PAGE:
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Vancouver, British Columbia, is one of the handful of major North American metropolises with no damaging earthquakes since modern seismic monitors were invented.
Without an earthquake record to provide insight into how the ground under the city shakes during quake, scientists aren't sure what will happen buildings in the City of Glass when a future earthquake strikes. Recent earthquakes in other cities, such as Christchurch, New Zealand, and Los Angeles, show that damage can concentrate in zones defined by buried geologic structures, such as sedimentary basins (lows or valleys filled by sediment). Basins increase shaking by focusing seismic energy, like a magnifying glass focuses light. Seismic waves can also ping-pong back and forth inside a basin, like waves sloshing inside a swimming pool.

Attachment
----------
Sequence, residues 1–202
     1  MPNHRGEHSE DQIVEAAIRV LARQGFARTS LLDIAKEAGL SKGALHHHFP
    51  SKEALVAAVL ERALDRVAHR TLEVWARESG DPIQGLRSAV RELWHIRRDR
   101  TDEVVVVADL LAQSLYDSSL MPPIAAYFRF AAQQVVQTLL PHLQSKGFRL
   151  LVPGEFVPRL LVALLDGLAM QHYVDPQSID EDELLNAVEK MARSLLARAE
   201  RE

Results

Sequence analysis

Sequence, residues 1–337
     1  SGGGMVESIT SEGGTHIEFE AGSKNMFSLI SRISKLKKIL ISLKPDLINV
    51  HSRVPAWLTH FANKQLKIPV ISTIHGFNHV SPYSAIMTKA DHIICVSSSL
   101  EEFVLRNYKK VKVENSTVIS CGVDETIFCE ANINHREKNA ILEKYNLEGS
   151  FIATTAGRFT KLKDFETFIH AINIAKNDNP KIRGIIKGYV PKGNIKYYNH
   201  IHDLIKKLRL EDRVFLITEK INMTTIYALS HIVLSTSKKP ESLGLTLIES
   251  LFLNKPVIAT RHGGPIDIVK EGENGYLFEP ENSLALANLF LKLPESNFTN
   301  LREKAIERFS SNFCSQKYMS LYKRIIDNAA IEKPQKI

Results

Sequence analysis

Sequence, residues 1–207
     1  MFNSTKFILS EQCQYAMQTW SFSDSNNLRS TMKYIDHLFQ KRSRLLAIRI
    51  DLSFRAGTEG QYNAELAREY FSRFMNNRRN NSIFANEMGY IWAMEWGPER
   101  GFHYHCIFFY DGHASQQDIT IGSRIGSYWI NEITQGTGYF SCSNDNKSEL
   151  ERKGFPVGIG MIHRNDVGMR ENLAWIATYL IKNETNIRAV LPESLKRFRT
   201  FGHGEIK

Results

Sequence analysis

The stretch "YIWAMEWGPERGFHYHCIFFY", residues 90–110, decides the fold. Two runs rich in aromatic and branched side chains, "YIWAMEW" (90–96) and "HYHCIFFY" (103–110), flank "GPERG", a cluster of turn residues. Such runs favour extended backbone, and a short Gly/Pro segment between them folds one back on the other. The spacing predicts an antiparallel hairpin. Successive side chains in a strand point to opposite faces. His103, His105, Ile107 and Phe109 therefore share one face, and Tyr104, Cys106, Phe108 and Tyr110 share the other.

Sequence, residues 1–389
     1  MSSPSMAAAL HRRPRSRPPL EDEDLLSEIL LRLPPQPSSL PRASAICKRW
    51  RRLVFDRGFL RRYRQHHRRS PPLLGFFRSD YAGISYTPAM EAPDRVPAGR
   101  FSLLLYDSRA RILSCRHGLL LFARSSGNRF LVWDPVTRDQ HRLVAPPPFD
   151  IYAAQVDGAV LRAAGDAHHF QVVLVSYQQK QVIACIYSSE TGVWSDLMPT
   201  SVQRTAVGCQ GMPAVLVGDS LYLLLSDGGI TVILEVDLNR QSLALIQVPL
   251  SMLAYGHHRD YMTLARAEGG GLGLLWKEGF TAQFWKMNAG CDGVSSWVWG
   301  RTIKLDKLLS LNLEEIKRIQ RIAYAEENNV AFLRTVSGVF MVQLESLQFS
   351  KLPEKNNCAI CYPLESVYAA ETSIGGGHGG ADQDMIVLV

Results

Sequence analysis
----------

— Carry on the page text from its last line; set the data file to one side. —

A new study seeks to better understand how the big Georgia Basin surrounding Vancouver will fare in the next earthquake. The Georgia Basin is a shallow, wide bowl filled by silt, sand and glacial deposits. With computer simulations, researchers discovered that the city could see three to four times greater shaking during an earthquake than if the basin wasn't there. The findings were published today (Jan. 20) in the Bulletin of the Seismological Society of America.
"This is a worthwhile first step toward building better earthquake-hazard models," said lead study author Sheri Molnar, a seismic geologist at the University of British Columbia.
— Becky Oskin, LiveScience
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